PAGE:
Adam Selipsky, CEO of Tableau Software on stage at Tableau Convention in Las Vegas
Tableau revealed four new releases during its Tableau Conference in Las Vegas this week which should catch the competition's attention PHOTO: Virginia Backaitis

LAS VEGAS — Fourteen thousand data enthusiasts descended on Tableau Conference 2017 in Las Vegas this week to grow their wrangling skills, engage with Tableau Zen Masters and compete in Iron Viz, Iron Chef-like competitions where contestants start with the same data sets and work to build the coolest visualizations.

The Tableau Conference started as a meeting of 187 practitioners in Seattle 10 years ago. Needless to say, the top rated BI and Analytics provider has come a long way in the years since. 

Not only has it grown its passionate community, which Constellation Research analyst Holger Mueller once likened to a data-loving cult, but it also hardened the software for use in the enterprise and continued on its quest to make data visualization and exploration accessible to the masses. Consider that the use of Tableau at companies like Honeywell has grown from a handful of employees to 20,000 workers.

Tableau Conference Announcements

Tableau made four big announcements from the keynote stage that drew applause from the crowd.

Tableau Server Gets Cozy with Open Source

When Tableau was founded in 2003, building software for the enterprise on open source was seen as dangerous and irresponsible. How times have changed. Yesterday morning Francois Ajenstat, Tableau chief product officer announced Tableau Server on Linux, which gives a new option to users who do not want to run it on Windows Server.

Tableau Gets Lightning-Fast With Hyper

Speed and scalability are competitive advantages in the digital age, so any BI and analytics provider that can outdo the competition has a leg up. Tableau acquired HyPer, a German startup whose founders created Hyper, a main memory database for precisely that reason. It brings performance, faster loading and scalability according to Ajenstat. It replaces Tableau's TDE database, and is part of Tableau 10.5 which is available now in beta.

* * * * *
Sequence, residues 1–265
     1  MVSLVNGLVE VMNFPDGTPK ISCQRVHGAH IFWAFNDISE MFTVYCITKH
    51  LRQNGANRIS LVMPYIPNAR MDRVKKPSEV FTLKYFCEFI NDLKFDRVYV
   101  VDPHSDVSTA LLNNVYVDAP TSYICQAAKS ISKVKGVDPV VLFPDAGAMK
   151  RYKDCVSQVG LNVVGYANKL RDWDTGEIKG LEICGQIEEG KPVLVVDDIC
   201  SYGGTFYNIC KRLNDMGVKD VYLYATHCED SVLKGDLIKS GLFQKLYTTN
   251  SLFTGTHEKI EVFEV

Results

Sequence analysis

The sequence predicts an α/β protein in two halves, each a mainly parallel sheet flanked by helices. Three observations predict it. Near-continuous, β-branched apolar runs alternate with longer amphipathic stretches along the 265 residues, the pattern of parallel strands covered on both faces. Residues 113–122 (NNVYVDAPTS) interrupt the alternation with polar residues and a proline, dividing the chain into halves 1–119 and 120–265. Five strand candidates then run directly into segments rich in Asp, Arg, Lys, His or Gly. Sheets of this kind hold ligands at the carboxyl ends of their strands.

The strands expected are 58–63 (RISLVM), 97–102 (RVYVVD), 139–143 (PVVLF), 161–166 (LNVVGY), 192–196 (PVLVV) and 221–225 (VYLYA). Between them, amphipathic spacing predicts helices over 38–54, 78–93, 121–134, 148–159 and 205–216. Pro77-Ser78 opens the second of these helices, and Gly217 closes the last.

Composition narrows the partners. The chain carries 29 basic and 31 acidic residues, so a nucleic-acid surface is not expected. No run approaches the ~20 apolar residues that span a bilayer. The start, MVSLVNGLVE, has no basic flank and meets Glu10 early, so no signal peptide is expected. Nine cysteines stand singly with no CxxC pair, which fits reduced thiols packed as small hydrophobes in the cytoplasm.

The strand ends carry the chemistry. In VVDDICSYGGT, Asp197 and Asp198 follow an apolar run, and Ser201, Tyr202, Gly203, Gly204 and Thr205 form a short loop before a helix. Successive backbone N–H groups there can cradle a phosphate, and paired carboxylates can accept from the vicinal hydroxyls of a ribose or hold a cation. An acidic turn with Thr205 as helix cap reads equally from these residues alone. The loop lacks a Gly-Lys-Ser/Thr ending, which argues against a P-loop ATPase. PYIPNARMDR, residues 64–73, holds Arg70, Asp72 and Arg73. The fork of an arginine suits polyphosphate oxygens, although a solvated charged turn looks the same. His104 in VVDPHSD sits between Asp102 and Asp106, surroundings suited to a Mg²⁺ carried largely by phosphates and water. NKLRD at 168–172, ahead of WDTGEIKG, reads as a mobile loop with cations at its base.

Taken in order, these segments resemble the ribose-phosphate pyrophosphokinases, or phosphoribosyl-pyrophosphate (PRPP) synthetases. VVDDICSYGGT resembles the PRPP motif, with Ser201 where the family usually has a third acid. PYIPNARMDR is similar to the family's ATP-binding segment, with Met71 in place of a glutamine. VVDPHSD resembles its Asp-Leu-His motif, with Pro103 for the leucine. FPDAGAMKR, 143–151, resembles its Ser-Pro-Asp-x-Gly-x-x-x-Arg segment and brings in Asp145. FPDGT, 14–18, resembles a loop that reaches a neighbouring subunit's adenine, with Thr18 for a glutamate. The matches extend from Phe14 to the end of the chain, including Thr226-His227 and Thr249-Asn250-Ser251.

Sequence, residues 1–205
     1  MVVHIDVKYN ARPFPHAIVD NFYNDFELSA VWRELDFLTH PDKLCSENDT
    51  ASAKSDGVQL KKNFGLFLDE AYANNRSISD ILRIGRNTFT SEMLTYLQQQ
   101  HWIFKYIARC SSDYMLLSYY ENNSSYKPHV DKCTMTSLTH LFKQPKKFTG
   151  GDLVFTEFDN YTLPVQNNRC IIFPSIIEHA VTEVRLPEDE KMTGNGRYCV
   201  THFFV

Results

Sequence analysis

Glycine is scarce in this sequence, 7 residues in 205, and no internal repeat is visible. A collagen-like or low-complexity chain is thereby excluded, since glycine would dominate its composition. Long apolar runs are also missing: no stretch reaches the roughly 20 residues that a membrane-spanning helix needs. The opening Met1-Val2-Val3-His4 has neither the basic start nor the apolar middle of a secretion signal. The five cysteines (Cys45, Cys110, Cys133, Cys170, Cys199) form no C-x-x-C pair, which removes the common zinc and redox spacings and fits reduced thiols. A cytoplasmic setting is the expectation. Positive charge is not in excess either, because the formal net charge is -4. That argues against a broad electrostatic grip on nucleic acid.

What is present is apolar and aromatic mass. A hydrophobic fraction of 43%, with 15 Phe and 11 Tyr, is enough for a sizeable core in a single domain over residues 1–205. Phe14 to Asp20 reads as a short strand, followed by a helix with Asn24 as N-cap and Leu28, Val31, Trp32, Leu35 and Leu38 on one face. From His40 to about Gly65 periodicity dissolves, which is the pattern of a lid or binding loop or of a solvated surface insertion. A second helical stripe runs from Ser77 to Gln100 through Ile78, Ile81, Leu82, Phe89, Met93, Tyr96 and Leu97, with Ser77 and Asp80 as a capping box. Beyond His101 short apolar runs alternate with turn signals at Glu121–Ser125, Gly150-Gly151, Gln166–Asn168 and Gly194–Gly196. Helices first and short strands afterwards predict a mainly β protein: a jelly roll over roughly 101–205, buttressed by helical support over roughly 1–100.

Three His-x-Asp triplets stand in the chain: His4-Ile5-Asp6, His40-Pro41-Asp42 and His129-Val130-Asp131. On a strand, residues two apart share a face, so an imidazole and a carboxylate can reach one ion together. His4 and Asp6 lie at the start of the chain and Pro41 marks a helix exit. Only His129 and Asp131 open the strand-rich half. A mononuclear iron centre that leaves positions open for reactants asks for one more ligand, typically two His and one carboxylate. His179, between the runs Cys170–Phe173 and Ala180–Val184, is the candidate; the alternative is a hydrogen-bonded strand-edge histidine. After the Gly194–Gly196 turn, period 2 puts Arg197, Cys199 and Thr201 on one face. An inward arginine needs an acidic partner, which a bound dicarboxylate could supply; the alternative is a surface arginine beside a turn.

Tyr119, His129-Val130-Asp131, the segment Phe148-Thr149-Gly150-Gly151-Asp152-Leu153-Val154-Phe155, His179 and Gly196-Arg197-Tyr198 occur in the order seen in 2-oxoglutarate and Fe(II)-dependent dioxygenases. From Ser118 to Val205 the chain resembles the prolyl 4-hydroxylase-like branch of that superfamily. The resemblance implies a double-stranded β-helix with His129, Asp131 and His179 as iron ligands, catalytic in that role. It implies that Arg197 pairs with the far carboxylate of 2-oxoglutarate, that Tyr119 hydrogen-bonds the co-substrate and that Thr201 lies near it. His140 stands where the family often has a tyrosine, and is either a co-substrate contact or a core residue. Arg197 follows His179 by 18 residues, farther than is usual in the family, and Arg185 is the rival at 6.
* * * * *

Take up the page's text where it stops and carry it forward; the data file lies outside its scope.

Tableau Aims to Revolutionize Data Prep with Maestro

Data prep is a cumbersome and time-consuming task that brings little or no value in and of itself. It's estimated data workers might spend as much as 80 percent of their time on data prep and only 20 percent gleaning impactful insights. 

Tableaus’s Maestro aims to change that. “We are doing for data prep what Tableau did for visual analytics 10 years ago,” Ajenstat told CMSWire.

New API Extensions Built to Unleash Developer Creativity

Decision makers do not like to jump between applications when they crunch and analyze data to discover new insights. With Tableau’s new release they may not have to. Tableau has opened its API, inviting users to integrate and work with third-party applications directly in Tableau. Tableau partner Automated Insights leverages the Tableau API to help its customers put highly accessible narratives around their data.

These new features are available as part of Tableau 10.5, which is available in beta now.

Coming Soon: Augmented Intelligence

New artificial intelligence and machine learning features are on the horizon, according to Ajenstat. But they won't be aimed at taking data analyst jobs away, because humans are needed for contextual insights according to Tableau CEO Adam Selipsky. 

Selipsky's comment is probably not another line to placate the fears of those worrying about a robot workplace takeover; after all, Tableau bought "augmented intelligence" software startup ClearGraph a few months ago to bring smart data discovery and natural query capabilities into its portfolio.

Analysts React to Tableau Announcements

Commenting on the announcements, Constellation Research analyst Holger Mueller told CMSWire that supporting Linux, though late, is a “good move because it gives customers choices.” He also championed Tableau for adding support for "the popular OS Linux."

Mark Smith, CEO and chief research officer at Ventana Research, commenting on Hyper noted that "faster is great."

Mueller also commended Tableau for recognizing the world has more data sources than it (Tableau) manages internally and it is "good to see API extensions that allow companies to present their data in a common look and feel." He explained that with that change, Tableau's portal becomes more strategic for customers and users — and more used.